How Stigma of Addiction and Mental Illness Contributes to the Problem
There are many negative consequences that are a result of the stigma of addiction and mental illness.
- Many people will not get treatment.
A person suffering from addiction, anxiety, depression, or some other mental or behavioral issue is much less likely to enroll in a drug rehab program if they feel like they are being judged or looked down on for seeking help. If a close friend or family member’s behaviors express the idea that the person has failed morally or is less valuable than them as a result of their disease, this is a prime example of stigmatization.
- Effective treatment will not always be accessible or available.
Mental illness and addiction stigma also reduce the availability and accessibility of treatment because it discourages people from educating themselves on these diseases as a result of fear, prejudice, or judgment. This includes treatment professionals.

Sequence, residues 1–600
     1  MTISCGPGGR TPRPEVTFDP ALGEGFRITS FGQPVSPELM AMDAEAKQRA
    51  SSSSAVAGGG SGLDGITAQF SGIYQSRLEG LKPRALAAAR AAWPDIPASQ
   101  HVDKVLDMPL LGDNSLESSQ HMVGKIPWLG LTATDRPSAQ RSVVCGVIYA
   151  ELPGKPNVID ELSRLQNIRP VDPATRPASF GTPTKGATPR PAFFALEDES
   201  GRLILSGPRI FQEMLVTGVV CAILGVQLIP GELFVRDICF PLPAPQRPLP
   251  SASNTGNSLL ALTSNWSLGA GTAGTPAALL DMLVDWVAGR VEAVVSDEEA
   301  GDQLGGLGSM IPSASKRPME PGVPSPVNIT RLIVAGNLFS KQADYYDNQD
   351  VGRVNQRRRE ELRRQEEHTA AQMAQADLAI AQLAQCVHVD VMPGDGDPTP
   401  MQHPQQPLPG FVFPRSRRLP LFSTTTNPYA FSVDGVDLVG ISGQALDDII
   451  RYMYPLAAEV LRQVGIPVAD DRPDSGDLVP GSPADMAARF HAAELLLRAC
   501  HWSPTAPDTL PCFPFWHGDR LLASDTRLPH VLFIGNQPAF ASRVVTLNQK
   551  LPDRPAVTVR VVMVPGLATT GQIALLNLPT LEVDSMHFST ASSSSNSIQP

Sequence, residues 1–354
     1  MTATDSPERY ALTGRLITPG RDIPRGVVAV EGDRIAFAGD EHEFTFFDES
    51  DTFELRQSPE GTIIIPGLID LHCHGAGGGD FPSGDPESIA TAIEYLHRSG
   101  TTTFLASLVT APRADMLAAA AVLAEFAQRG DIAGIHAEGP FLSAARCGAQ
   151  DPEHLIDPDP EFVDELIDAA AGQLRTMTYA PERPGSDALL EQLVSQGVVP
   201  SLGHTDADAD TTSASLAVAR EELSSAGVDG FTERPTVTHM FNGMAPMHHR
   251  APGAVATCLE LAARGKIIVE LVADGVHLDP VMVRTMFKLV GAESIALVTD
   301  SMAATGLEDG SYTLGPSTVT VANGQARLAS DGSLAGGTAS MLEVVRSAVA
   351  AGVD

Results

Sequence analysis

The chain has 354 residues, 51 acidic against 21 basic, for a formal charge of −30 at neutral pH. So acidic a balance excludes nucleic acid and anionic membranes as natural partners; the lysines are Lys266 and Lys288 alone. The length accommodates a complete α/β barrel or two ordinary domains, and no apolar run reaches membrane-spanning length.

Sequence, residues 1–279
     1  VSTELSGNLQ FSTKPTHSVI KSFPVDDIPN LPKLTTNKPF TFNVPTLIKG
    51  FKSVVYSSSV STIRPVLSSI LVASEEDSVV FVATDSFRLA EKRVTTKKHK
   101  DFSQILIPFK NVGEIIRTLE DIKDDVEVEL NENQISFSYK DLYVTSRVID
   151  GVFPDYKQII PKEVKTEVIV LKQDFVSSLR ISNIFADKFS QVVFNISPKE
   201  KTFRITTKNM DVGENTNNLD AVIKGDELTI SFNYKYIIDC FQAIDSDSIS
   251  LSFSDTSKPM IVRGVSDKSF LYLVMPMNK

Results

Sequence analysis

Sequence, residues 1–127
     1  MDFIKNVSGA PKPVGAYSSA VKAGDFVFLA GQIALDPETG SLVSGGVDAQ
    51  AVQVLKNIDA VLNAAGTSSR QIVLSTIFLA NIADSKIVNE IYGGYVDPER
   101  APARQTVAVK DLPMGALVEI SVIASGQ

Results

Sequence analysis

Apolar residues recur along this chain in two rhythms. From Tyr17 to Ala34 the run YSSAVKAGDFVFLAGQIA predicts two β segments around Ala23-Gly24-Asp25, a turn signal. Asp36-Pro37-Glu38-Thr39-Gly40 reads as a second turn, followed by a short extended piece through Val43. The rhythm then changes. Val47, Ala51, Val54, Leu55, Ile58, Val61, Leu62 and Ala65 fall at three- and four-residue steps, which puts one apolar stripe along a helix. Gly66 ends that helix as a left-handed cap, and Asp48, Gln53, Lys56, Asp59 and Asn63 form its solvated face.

- People will have a difficult time connecting socially.
If an individual believes that he or she is of lesser value than others, he or she will naturally have a difficult time connecting socially in all types of situations. Whether it’s at school, work, or during leisure activities, people suffering from addiction or substance abuse may end up being excluded, whether it’s an accident or purposefully.
- People suffer from low self-esteem.
Individuals may begin to adopt a self-stigma as a result of the perceptions of others and develop self-defeating behaviors or low self-esteem. They may even begin to believe that something is wrong with them, that something they did caused their mental or behavioral problems, or that they could get over their problems if they only had enough willpower.
- The substance abuse problems and mental illness will continue without resolution or improvement.
Without seeking out a therapist or drug rehab program, an individual’s addiction and mental illness will likely continue to wreak havoc on his or her life without any resolution.
Reducing the Stigma of Addiction and Mental Illness